I learned so much about Nellie’s background (again, no spoilers) and what made her act and react the way she did. Her back story was super interesting to me, though challenging to write. Nellie, as I mentioned before, is loosely based on Martha Gellhorn.
Along the way, Jean-Paul mentions several members of the French resistance, including Marianne Cohn and Marcel Mangel. They, along with many others, shuttled Jewish children across the border in some very creative ways. We know Marcel better as the mime Marcel Marceau. You can watch some YouTube videos I produced about them on my channel.
Do you prefer writing from the man’s or woman’s perspective? What are the challenges of each, particularly considering each of their roles in a WWII setting?
Liz: I’m a little more comfortable with writing from a woman’s perspective because that’s what I know best, but the more and more I write from a man’s point of view, the easier it gets. Both men and women played very important roles in the war, sometimes for very different reasons. They complemented each other. I don’t write battles, so the men aren’t off fighting, which does make my job easier. I never like reading battle scenes, so I don’t write them.
What kind of research was involved?
Liz: I had to research so much! Martha Gellhorn, how the reporters in Britain learned about D-day, what France is like (this is my Covid book, so no research trip), all about the French resistance and their efforts to get kids into Switzerland, how they managed to do that, what life was like in Switzerland for these refugees, and there are many other things that I had to learn about that I can’t share because they’re spoilers. I’m just thankful for the internet and Google earth since I couldn’t travel. They saved this story!
How would you compare A Picture of Hope to your other WWII novels? How would you compare Nellie to your other heroines?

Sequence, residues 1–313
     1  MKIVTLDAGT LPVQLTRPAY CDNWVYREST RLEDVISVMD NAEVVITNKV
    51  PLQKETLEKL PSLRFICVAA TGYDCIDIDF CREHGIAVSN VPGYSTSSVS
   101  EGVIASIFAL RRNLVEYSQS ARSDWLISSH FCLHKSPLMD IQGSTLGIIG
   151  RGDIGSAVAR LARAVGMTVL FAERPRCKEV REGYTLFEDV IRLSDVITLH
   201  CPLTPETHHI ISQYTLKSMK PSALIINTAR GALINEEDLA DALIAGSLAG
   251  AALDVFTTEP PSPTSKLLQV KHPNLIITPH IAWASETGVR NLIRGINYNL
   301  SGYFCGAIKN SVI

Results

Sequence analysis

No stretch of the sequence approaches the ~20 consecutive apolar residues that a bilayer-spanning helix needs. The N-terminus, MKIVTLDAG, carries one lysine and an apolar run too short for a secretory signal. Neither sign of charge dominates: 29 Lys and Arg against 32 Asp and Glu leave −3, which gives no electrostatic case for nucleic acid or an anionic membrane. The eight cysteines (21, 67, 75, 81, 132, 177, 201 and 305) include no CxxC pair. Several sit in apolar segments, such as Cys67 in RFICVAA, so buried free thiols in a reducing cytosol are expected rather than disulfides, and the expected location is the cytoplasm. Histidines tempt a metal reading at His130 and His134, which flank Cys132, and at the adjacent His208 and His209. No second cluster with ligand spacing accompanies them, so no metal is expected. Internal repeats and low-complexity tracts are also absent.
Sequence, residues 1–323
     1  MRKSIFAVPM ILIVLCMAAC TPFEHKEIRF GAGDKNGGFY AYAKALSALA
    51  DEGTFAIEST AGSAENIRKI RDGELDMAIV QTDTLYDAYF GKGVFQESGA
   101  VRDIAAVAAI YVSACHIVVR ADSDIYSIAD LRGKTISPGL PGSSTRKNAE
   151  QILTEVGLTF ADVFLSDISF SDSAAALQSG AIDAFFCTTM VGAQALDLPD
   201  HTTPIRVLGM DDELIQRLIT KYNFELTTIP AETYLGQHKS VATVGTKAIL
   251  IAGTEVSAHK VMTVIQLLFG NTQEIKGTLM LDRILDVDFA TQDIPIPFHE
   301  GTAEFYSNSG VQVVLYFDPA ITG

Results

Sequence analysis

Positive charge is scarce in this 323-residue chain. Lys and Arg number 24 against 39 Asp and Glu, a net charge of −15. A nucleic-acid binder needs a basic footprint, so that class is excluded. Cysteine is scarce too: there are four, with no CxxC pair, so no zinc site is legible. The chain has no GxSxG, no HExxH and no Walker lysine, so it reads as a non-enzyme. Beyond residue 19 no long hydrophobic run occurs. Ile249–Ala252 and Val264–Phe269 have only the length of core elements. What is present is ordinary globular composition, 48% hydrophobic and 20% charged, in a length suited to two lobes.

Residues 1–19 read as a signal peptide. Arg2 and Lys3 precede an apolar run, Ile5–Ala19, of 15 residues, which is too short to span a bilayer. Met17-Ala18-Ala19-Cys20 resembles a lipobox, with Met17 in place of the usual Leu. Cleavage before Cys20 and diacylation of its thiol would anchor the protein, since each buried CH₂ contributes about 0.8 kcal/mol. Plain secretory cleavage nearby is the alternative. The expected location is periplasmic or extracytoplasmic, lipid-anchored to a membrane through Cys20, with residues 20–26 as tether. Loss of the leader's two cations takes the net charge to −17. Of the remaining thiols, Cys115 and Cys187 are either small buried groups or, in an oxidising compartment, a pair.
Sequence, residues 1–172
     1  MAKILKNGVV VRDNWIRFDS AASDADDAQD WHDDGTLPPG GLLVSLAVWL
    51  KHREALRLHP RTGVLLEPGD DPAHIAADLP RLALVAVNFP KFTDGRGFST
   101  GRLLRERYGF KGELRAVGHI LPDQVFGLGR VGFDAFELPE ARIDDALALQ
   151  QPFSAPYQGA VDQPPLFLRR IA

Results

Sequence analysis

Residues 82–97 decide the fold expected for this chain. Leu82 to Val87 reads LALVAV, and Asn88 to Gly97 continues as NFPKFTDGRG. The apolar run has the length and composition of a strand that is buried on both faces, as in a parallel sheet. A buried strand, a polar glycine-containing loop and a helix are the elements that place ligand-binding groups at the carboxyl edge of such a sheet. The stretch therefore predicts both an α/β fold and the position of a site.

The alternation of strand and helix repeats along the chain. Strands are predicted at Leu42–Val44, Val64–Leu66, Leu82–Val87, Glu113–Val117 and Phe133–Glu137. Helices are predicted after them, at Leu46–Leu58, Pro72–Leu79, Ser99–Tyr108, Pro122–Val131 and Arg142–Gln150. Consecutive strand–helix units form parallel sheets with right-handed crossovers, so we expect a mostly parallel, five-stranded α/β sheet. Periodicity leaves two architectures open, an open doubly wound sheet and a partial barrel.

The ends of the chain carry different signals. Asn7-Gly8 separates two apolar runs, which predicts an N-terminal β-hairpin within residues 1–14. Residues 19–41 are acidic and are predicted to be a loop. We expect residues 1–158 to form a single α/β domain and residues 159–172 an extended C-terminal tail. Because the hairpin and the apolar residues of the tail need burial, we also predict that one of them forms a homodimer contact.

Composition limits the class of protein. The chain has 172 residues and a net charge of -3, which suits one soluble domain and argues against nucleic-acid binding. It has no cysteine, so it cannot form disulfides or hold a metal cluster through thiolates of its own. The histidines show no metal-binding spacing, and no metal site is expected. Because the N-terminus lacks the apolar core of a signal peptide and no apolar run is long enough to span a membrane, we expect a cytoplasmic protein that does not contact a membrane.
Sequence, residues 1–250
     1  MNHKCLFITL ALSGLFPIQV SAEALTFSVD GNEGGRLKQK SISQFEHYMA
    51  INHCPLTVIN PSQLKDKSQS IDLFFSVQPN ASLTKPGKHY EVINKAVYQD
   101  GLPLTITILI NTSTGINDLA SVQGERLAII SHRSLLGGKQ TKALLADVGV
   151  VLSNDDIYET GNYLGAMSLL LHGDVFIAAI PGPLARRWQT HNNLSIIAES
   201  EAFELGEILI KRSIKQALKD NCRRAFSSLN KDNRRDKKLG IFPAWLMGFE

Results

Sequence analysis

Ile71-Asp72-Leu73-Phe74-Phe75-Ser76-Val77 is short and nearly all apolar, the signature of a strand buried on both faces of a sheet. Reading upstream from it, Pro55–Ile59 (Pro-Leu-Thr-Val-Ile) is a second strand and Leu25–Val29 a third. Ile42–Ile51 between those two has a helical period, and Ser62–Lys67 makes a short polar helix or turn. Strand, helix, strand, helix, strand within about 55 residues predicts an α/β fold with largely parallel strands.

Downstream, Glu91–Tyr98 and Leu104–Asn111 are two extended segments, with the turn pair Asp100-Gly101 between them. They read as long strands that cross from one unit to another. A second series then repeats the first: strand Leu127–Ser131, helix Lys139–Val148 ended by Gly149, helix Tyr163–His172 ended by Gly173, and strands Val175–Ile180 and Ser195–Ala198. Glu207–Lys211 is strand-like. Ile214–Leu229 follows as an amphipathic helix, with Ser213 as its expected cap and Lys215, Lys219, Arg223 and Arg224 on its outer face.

Liz: This is different because the main danger lies with a little girl. Because of my daughter, this book is extremely personal and very much a story of my heart. I’m passionate about my daughter being treated with dignity and respect, about her being loved like everyone wants to be loved. That is what I hope the readers take away from the book. People with disabilities, no matter how severe, just want to know they are safe and they are loved.
Nellie is quite different from most of mine because of her tough exterior. She has this shell, and she doesn’t want anyone to see her vulnerabilities. Her backstory gives the reader a glimpse into why she’s as tough as nails but with a very soft, gentle heart and spirit.
Can you share what you’re working on now or in the near future?
Liz: I had a novel release on May 1, A Promise Engraved. This is my first dual time novel, and I had fun writing it. It’s for Barbour’s Doors to the Past series. The historical part takes place in Texas at the time of the Alamo. The contemporary part is set in San Antonio and involves a refugee coordinator. The women are separated by almost 200 years but tied together by a mysterious cat’s-eye ring. But will either of them live to see the promise of the ring fulfilled?
I also have a WWII novel releasing from Barbour in December. This one is dual time set in Greece. A young American woman discovers trough a DNA test that she’s Sephardic Jew from Greece, something she never knew. But when she travels there, she may discover long-hidden secrets that were best left buried.
Back to Laura . . .
I first featured Liz on my Journey to Imagination blog in April, 2018, after the release of Melody of the Soul.
On a different note, I’m currently gathering a launch team for my own historical fiction, Fifteen Minutes with Mr. Baum. Set in Holland, Michigan, this split-time novel alternates between 1980 and the early 1900s. It highlights The Wonderful Wizard of Oz author, L. Frank Baum. Read more and watch the book trailer here.
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Liz Tolsma Bio
Liz Tolsma is a popular speaker and an editor and the owner of the Write Direction Editing. An almost-native Wisconsinite, she resides in a quiet corner of the state with her husband and is the mother of three. Her son proudly serves as a U.S. Marine. They adopted all of their children internationally, and one has special needs. When she gets a few spare minutes, she enjoys reading, relaxing on the front porch, walking, working in her large perennial garden, and camping with her family. Visit her website at www.liztolsma.com and follow her on Facebook, Twitter (@LizTolsma), Instagram, YouTube, and Pinterest. She is also the host of the Christian Historical Fiction Talk podcast.
Join me next time for a visit with another World War II author, Terri Wangard.
Meanwhile, have you read A Picture of Hope or other WWII novels? What’s a favorite? Answer in the comments below.